AUGUSTA – England's Matt Wallace defeated Scotland's Sandy Lyle in a playoff to win Wednesday's Par-3 Contest on the eve of the Masters and risk the winner's curse at Augusta National.
Wallace, a Masters debutante who turns 29 on Friday, also achieved a Masters milestone with the 100th all-time hole-in-one in Par-3 Contest history, which dates to 1960.
Now the world number 36 wants to erase the Par-3 curse, with no Par-3 Contest winner having ever won the Masters the same week, and become the first player to win his Masters debut since Fuzzy Zoeller in 1979.
“Guess I just I wanted to win this,” Wallace said. “I want to break history somewhat.”
Wallace kept Lyle, the 1998 and 1999 Par-3 winner, from matching the record three contest titles held by Ireland's Padraig Harrington.
Playing in the final group, Wallace aced the 120-yard eighth hole for the day's fourth hole-in-one, then parred the ninth hole to match 61-year-old Lyle, the 1988 Masters winner, on five-under 22, and won the playoff with a birdie.
The light-hearted event saw children and families and friends serve as caddies in a relaxing affair before the showdown begins Thursday morning on Augusta National's par-72 layout.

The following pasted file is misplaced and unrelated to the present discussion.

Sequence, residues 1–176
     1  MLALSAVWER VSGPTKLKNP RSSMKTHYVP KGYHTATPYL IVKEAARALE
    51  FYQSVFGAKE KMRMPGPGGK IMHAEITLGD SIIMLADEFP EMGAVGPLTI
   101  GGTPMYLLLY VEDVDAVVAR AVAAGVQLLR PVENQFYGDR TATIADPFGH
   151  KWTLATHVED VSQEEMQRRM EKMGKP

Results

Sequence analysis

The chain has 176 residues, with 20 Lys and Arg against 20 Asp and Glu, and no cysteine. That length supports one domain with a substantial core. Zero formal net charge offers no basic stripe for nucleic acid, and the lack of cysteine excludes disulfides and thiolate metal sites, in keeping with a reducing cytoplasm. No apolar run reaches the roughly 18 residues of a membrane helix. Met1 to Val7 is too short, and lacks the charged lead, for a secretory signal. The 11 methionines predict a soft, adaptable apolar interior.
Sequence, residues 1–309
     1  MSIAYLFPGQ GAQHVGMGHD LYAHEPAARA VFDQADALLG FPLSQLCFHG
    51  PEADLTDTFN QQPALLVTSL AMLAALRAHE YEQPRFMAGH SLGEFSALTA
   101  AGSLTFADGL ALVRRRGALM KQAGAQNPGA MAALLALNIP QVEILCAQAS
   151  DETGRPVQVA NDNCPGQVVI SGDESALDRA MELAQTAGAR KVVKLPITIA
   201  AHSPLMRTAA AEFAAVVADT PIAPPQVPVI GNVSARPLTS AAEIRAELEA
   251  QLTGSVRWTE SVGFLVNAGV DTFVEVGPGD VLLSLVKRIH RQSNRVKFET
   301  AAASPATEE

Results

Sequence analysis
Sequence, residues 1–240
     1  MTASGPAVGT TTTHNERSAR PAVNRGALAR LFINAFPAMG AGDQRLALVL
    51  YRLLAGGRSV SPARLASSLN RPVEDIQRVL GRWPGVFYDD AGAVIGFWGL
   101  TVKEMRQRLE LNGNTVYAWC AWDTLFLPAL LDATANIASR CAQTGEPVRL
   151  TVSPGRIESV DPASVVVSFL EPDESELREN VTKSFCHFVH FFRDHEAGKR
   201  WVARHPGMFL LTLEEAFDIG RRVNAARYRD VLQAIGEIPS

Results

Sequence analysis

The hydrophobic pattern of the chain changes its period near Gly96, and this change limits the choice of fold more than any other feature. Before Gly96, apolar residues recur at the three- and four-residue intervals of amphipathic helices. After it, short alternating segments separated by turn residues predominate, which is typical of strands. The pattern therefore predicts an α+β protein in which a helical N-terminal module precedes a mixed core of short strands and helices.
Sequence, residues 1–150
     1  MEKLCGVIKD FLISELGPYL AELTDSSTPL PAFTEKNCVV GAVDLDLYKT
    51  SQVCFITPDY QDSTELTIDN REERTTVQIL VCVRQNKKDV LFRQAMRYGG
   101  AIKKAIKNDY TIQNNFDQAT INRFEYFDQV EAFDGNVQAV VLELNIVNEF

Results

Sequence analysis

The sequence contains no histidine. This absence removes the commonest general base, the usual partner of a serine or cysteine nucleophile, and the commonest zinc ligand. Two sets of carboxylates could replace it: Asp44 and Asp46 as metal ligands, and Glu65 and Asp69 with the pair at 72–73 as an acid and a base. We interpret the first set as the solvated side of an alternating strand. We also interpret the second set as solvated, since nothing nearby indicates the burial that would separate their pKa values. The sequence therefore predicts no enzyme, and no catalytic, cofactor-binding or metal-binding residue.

Thai LPGA sisters Ariya and Moriya Jutanugarn served as caddies for compatriot Kiradech Aphibarnrat. Former world number one Ariya is ranked third in the world.
American Mark O'Meara, the 1998 Masters champion, aced the 130-yard fifth hole alongside two Masters favorites, Americans Dustin Johnson and Brooks Koepka.
“I hit a 9-iron and Brooks was like, 'Wow, that looks pretty good' and I'm like, 'Yeah, whatever,'“ O'Meara said. “It hits about literally three inches behind the hole and must have come back just a little bit and went in the hole. So that was exciting.”
Ireland's Shane Lowry had a hole-in-one at the 74-yard second.
“It was special because my wife and baby were with me,” Lowry said. ”I just wanted to make a one here so it was cool.”
Last year's US Amateur runner-up, 19-year-old UCLA sophomore Devon Bling, aced the 115-yard seventh.
“Hit a great shot, it went in, and, yeah, that's the best thing that's ever happened in the world,” Bling said.
American Tony Finau returned to the Par-3 Contest's seventh hole, where he celebrated an ace with a jump and dislocated his left ankle on the landing.
Finau donned a specially made high-top golf sneaker on the seventh tee to the crowd's delight, saying later he couldn't skip the event and deny his family the chance to be there with him.
Finau went on to share 10th in last year's Masters despite the mishap and later was fifth at the US Open and shared ninth at the British Open.
“A little bit of disaster. A little bit of embarassment,” Finau said. “But what happened after that was amazing. I turned a negative into a positive, which is a good thing.”
Agence France-Presse (AFP)